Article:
If a place exists where Cargill has spent the time and resources to look as proper as the front row of a church on Sunday, it’s in the wealthy Minnesota suburbs where the quiet giant is headquartered.
Unfortunately for everyone else, Minnesota is also the only place (besides the Internet) where Cargill bothers to try and resemble a good neighbor. For the rest of us — from your average American carnivore to San Francisco Bay conservationists to palm oil plantation workers — Cargill is a name as rotten as a recalled turkey sausage. As CEO Greg Page will tell you, Cargill’s in it for the money above all else.
Cargill released some updated palm oil commitments in July 2011. The problem is that these commitments are too little, too late. They still don’t comprise a solid policy with safeguards regarding climate impacts and labor conditions, both HUGE problems with palm oil.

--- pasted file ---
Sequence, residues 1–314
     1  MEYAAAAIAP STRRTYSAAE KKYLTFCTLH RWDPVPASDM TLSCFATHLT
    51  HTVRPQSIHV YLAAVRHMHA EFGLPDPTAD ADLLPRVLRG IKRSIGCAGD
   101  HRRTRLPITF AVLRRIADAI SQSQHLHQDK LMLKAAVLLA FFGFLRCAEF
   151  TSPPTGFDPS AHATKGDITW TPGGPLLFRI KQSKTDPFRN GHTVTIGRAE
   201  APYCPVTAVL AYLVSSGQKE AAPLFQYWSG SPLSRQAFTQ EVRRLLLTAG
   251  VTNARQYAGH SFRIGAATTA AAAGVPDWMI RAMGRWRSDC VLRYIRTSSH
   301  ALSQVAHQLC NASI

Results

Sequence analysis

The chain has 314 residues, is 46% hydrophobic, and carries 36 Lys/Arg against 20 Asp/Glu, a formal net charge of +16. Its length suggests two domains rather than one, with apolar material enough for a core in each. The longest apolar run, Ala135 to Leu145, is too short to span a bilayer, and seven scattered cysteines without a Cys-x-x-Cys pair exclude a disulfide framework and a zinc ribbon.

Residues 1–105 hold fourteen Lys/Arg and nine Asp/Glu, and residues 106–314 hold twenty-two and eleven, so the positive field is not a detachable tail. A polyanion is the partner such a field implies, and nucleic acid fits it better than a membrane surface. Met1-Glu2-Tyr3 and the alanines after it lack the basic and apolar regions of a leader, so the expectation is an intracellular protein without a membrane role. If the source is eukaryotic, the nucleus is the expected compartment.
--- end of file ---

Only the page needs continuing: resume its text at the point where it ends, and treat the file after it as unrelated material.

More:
Now, it seems like Cargill is even losing ground in its hometown. Local Minnesota activists attended Wayzata’s annual James H. Hill Parade last weekend to distribute a flier setting the facts straight about Cargill and palm oil. Maybe you wouldn’t expect palm oil activists in Cargill’s hometown to be very well received, but they were!
When activists handed out the fliers, they had to actually explain that they weren’t with Cargill, but actually taking action to change the company. Only after the activists explained that they weren’t with Cargill were people willing to talk with them. And once they learned about the campaign, Wayzata parade-goers (and even Cargill employees) were supportive of the activists’ efforts. Multiple people told them to keep up the good work.
Well, we will certainly keep up the good work. Thanks Wayzata!